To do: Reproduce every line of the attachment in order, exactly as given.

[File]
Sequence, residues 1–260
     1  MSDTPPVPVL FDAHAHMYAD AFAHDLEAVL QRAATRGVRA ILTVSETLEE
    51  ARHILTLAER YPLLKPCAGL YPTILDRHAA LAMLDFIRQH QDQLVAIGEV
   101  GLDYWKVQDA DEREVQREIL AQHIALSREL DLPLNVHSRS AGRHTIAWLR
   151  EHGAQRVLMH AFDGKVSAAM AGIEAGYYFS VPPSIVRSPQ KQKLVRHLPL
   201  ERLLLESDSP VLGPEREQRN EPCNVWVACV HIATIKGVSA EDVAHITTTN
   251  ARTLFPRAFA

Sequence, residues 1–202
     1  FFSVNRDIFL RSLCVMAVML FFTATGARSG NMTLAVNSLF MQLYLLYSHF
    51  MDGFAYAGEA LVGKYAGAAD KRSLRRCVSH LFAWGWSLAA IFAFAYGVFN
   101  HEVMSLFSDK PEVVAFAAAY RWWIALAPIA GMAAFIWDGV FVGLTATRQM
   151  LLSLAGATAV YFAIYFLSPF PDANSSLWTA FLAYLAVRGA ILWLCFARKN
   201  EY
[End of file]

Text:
Sequence, residues 1–260
     1  MSDTPPVPVL FDAHAHMYAD AFAHDLEAVL QRAATRGVRA ILTVSETLEE
    51  ARHILTLAER YPLLKPCAGL YPTILDRHAA LAMLDFIRQH QDQLVAIGEV
   101  GLDYWKVQDA DEREVQREIL AQHIALSREL DLPLNVHSRS AGRHTIAWLR
   151  EHGAQRVLMH AFDGKVSAAM AGIEAGYYFS VPPSIVRSPQ KQKLVRHLPL
   201  ERLLLESDSP VLGPEREQRN EPCNVWVACV HIATIKGVSA EDVAHITTTN
   251  ARTLFPRAFA

Sequence, residues 1–202
     1  FFSVNRDIFL RSLCVMAVML FFTATGARSG NMTLAVNSLF MQLYLLYSHF
    51  MDGFAYAGEA LVGKYAGAAD KRSLRRCVSH LFAWGWSLAA IFAFAYGVFN
   101  HEVMSLFSDK PEVVAFAAAY RWWIALAPIA GMAAFIWDGV FVGLTATRQM
   151  LLSLAGATAV YFAIYFLSPF PDANSSLWTA FLAYLAVRGA ILWLCFARKN
   201  EY